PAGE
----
Wild weather trifecta forecast to lash Vic

·2-min read

A wild weather trifecta of damaging winds, heavy rainfall and flooding will smash parts of Victoria as the most significant cold front of the winter hits the state.

Wind gusts of up to 110km/h are forecast to develop over elevated areas of the Central Highlands, Kinglake and the Dandenong and Alpine Ranges.

Elsewhere, the Bureau of Meteorology says gusts of up to 90km/h are possible and would ease by Wednesday afternoon.

However, another burst of vigorous winds is expected to move across the state on Wednesday night.

Senior meteorologist Kevin Parkin said the weather "trifecta" would affect parts of the state differently, but Melbourne would not escape the winds.

He said elevated areas, across the ranges - from Kinglake through to the Dandenong Ranges to the Central Highlands - could expect high winds around midnight and residents in those areas should expect branches on the road on Wednesday morning.

While wild weather was expected, Mr Parkin said Tuesday night's conditions would not match the devastation that hit the Dandenong Ranges last year.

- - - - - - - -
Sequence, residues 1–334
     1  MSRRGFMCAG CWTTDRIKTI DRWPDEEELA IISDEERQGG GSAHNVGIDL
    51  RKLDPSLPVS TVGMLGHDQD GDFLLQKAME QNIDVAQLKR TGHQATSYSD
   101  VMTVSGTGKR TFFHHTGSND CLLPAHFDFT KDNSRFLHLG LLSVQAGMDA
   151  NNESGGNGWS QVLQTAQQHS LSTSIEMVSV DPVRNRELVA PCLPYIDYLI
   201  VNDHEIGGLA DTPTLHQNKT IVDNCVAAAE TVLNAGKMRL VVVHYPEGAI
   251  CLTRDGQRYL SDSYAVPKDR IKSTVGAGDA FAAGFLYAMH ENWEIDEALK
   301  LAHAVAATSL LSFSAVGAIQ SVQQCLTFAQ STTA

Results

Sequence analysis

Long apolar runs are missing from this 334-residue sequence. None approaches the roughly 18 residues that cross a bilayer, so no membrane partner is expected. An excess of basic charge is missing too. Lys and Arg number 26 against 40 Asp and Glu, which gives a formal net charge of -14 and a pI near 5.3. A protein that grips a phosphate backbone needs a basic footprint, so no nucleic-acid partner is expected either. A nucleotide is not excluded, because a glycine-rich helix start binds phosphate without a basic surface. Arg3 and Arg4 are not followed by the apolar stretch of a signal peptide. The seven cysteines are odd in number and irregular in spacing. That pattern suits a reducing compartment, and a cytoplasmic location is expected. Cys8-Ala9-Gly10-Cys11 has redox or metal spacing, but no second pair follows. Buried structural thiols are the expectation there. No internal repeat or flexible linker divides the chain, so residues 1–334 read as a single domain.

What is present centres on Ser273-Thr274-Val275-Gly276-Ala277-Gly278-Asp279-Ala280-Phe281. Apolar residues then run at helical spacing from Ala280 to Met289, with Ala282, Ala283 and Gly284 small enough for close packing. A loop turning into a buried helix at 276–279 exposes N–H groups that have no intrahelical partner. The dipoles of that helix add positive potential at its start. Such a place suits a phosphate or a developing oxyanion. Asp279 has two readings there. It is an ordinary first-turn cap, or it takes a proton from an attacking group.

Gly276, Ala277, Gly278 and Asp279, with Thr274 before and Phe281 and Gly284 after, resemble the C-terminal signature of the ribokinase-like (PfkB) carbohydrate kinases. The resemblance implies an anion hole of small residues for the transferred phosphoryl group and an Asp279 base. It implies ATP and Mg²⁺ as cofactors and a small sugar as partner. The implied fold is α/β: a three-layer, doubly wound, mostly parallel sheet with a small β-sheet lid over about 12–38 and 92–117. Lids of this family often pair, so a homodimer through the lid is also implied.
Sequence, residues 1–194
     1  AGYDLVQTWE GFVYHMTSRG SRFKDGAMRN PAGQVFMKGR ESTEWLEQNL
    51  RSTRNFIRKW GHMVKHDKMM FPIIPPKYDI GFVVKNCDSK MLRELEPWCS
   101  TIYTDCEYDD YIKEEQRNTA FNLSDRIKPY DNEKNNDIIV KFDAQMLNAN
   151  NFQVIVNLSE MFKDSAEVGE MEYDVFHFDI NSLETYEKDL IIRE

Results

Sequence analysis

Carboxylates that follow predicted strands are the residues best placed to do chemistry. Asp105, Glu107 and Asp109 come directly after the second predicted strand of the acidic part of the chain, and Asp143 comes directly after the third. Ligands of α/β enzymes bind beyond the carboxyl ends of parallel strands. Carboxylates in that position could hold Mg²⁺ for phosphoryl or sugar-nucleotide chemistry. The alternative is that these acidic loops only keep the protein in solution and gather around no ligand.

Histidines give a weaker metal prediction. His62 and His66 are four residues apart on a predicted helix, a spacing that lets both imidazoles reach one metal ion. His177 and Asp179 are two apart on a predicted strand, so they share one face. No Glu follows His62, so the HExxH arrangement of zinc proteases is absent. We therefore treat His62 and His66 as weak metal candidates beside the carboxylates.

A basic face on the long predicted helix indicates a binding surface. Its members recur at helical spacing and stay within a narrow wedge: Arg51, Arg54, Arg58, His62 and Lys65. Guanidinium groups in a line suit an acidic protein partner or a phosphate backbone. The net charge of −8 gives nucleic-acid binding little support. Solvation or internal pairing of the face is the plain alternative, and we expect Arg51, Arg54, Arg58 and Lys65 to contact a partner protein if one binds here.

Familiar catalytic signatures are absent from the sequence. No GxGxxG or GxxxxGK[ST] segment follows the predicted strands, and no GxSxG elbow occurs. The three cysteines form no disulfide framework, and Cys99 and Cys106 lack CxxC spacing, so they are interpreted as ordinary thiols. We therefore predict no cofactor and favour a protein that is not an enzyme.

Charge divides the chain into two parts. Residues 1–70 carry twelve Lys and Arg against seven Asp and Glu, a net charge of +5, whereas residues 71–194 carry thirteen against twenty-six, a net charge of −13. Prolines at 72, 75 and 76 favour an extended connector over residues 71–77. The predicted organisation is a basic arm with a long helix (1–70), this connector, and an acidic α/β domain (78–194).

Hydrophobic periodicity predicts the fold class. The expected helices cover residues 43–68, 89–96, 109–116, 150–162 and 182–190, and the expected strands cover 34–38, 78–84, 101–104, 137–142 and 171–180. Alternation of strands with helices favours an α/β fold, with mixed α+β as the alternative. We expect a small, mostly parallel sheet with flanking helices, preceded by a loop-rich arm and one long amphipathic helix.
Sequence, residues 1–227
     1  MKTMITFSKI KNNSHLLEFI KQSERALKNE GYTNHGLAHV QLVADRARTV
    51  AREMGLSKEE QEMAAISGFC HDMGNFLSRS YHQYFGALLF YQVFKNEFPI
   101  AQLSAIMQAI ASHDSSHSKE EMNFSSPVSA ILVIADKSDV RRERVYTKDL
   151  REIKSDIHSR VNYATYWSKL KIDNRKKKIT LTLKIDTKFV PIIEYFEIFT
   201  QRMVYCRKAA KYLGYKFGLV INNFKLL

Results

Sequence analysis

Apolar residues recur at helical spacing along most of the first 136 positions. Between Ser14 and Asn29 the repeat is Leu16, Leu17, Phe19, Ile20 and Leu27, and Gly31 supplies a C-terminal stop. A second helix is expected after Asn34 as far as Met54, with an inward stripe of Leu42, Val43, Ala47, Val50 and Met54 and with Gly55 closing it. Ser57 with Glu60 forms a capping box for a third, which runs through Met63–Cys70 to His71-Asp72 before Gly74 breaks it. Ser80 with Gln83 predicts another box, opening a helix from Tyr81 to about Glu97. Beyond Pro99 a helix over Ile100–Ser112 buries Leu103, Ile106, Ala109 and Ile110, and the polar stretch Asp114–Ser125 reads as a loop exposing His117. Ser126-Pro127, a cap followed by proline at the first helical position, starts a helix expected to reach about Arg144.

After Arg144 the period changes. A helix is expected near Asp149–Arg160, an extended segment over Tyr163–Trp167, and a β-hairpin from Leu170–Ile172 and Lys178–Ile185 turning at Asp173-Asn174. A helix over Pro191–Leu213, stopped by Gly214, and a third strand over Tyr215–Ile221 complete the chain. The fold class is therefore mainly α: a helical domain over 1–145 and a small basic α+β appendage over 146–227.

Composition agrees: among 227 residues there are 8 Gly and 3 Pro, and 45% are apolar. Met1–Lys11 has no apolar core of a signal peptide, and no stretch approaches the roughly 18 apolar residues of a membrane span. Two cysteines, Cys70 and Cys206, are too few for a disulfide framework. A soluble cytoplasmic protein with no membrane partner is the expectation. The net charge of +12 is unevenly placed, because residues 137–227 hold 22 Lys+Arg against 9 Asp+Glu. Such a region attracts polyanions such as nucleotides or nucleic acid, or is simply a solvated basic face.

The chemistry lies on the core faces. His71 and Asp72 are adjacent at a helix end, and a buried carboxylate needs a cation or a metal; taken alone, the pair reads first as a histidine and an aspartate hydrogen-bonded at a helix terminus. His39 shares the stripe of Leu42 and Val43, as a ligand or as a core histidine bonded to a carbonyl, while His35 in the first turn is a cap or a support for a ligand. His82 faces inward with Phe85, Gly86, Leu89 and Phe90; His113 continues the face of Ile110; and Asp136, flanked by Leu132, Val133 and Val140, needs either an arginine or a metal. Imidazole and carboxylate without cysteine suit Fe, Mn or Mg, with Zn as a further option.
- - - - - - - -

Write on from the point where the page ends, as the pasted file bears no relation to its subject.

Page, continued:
He said northeastern Victoria should also brace for flooding.

Victorian State Emergency Service chief operations officer Tim Wiebusch says people should prepare.

"Ensure you listen to the advice of emergency services, and secure loose items in and around your home, park your vehicle undercover, away from trees and remain indoors until the severe weather has passed," Mr Wiebusch said on Tuesday.

"As we are expecting heavy rain in parts of Victoria, it's important you never drive through floodwater.

"It does not take much for your car to become unstable, lose traction or wash away. Attempting to drive through floodwaters may be the last decision you make."

Worksafe also warned employers to secure their work sites.

"Strong winds can turn unsecured objects into dangerous projectiles, including partly completed structures, roof sheets, scaffold planks, temporary fencing, and unsecured tools," WorkSafe executive director Health and Safety Narelle Beer said.

"Loose objects must be removed or suitably secured so that they don't blow away and become a danger to workers and the general public."

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